peds questions.txt

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  1. how would you surgically correct an 8yo with marfans after CE for subluxated lens
    leave aphakic
  2. what phakomatoses is not caused by a tumor supressor gene?
    sturge weber syndrome (encephalotrigeminal angiomatosis) and wyburn-mason syndrome- they are both sporadic and noninherited
  3. what is the treatment for neonatal conjunctivitis caused by gonorrhea
    "systemic ceftriaxone, vigamox if K involvement"
  4. what is goldenhar syndrome
    "limbal dermoids, hemifacial microsomia, ear deformities, upper eyelid colobomas, vertebral anomalies"
  5. what is the most common location of limbal dermoids
    inferotemporal limbus (think: closest to ear lobe)
  6. what type of cataracts associated with lowe syndrome? Alports syndrome? Downs syndrome? Galacotsemia?
    "disciform cataracts, anterior subcapsular, cerulean (blue dots) cataracts, oil droplets cataract"
  7. what are ocular and sysetmic manifestaitons of lowe syndrome
    "dense cataracts, glaucoma, corneal and conjunctival limboids; affects nervous system and kidneys (renal fanconi syndrome)"
  8. what causes lowe syndrome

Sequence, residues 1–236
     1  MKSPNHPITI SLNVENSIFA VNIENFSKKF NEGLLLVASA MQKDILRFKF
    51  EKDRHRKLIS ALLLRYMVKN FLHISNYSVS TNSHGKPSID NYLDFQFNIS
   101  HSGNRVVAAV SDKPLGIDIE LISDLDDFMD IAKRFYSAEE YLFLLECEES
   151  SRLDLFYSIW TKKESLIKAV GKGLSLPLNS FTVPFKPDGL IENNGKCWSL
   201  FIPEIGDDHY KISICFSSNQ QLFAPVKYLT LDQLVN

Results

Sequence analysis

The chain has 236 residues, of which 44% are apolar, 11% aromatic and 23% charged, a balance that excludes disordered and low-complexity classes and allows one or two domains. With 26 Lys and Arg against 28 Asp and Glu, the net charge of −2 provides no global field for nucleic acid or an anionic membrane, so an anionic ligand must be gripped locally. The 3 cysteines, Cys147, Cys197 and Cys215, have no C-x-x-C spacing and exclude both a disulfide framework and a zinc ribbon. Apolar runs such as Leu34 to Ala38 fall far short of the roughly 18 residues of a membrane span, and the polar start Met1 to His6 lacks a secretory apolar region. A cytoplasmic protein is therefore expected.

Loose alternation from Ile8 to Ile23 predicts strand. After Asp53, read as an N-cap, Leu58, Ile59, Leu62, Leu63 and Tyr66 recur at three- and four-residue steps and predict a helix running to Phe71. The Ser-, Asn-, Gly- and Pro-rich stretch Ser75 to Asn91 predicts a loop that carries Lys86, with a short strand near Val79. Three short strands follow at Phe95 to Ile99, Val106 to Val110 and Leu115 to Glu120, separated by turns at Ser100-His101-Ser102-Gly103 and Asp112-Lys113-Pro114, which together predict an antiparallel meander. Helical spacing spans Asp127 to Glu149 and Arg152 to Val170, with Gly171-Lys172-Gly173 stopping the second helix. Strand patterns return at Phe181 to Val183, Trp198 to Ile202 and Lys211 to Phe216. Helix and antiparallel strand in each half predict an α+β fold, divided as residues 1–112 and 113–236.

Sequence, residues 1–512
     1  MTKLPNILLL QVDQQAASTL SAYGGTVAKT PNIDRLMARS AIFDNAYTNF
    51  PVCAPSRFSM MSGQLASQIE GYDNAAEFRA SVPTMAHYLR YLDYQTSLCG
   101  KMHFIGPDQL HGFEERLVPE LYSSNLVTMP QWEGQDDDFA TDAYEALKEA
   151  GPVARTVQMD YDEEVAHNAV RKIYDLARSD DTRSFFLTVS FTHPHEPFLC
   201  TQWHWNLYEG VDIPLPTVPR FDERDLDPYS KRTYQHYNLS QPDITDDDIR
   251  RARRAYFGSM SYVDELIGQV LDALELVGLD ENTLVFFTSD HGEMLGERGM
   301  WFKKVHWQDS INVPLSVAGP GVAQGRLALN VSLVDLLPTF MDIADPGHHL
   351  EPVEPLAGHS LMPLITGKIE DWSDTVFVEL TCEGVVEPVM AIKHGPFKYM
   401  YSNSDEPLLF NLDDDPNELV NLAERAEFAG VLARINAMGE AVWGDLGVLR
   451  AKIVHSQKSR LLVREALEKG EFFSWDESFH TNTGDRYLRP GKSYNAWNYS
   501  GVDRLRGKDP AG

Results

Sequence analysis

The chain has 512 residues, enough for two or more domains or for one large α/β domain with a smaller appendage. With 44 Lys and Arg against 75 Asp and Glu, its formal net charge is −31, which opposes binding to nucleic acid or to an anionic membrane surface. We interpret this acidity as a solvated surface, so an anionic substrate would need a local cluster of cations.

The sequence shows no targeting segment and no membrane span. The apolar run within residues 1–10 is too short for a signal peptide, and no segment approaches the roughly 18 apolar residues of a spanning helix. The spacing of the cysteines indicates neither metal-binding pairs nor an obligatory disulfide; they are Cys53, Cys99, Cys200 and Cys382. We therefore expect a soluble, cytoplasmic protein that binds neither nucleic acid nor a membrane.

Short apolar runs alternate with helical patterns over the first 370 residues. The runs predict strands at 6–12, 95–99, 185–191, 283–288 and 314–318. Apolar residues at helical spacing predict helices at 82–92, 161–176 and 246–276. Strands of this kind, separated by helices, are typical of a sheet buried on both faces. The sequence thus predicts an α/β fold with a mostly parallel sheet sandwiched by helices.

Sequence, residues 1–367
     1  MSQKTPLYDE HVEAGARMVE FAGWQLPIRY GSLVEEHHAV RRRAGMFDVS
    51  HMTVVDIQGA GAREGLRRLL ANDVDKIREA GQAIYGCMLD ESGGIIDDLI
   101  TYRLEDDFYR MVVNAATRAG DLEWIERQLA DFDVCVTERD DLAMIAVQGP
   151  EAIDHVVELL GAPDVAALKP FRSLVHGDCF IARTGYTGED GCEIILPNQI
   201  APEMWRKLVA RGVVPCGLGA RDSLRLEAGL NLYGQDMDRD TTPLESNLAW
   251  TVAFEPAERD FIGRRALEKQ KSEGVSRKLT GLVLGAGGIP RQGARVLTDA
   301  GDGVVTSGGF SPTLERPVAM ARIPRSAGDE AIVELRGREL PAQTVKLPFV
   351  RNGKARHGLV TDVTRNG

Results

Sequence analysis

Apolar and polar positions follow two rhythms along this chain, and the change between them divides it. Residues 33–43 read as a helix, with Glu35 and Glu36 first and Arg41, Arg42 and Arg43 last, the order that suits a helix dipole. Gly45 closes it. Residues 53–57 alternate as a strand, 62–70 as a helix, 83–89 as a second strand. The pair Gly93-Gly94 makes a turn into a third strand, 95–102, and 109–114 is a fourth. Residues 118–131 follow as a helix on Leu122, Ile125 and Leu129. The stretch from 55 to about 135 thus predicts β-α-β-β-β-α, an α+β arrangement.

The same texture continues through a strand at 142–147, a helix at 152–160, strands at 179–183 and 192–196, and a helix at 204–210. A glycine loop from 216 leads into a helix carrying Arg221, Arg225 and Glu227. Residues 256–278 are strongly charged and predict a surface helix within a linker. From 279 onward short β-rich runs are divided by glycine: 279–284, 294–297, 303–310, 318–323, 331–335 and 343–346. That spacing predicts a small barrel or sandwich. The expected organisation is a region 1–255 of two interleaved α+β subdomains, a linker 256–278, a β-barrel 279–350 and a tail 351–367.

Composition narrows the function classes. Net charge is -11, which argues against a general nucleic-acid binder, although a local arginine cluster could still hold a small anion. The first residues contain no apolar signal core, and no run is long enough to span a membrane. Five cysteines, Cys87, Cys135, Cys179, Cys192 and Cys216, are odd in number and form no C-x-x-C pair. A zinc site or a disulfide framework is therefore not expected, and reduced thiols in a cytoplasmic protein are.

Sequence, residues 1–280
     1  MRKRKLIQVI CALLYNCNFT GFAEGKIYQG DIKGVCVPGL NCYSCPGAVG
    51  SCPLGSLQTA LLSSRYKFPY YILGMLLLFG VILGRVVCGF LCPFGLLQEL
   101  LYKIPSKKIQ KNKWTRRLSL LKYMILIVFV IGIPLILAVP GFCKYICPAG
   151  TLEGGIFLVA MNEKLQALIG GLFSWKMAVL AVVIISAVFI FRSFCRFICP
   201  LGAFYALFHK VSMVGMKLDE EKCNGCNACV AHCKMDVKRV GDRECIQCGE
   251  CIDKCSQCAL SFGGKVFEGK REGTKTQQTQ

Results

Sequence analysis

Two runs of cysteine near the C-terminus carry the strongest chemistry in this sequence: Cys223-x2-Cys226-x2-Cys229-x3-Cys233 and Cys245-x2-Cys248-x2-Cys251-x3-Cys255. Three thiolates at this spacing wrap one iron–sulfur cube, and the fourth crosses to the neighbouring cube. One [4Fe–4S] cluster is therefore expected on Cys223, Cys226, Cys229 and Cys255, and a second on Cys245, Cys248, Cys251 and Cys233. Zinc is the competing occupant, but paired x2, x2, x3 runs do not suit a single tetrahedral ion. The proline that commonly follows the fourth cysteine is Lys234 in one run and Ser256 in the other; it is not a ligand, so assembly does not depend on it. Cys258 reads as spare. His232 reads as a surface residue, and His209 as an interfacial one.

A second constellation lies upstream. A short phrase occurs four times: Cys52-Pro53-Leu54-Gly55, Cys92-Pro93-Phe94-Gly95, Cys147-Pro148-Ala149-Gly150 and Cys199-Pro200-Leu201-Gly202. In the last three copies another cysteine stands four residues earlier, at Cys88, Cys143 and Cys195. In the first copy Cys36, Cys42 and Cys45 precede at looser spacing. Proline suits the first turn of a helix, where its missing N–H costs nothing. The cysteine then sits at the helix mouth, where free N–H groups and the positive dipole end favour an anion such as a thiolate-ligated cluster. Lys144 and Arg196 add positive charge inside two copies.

reduction of phosphatidylinositol bisphosphate 5 phosphatase activity -> rare x-linked condition
  9. what is the order of surgery for primary congenital glaucoma
    1. angle glaucoma surgery (goniotomy or trabeculotomy) 2. another angle glaucoma surgery 3. trabeculectomy (plus minus MMC) 4. gdi
  10. what is primary and secondary deviation?
    "primary deviation occurs when normal eye fixing, secondary deviation when affected eye is fixing"
  11. "in 6th nerve palsy, is primary or secondary deviation bigger and why?"
    secdonary deviation is bigger because of Herring's law (more innervation to the lateral rectus muscle results in more innervation to yoke muscle (medial rectus of other eye) resulting in larger deviation when bad eye is fixing)
  12. common cause of seesaw nystagmus
    lesion in parasellar or midbrain area (eg. Craniopharyngioma
  13. common cause of downbeat nystagmus
    "cervicomedullary junction (eg. Chiari type malformation), cerebellar flocculus"
  14. common cause of opsoclonus
    neuroblastoma (usually from adrenals)
  15. common cause of periodic alternating nystagmus
    "cervicomedullary junction (eg. Chiari type malformation), cerebellar flocculus"
  16. cause of upbeat nystagmus
    "cerebellum, medulla, midbrain"
  17. cause of spasmus nutans
    usually not a tumor; but similar nystagmus with parasellar/hypothalamic tumors
  18. what is gram negative diplococci
    neisseria gonorrhea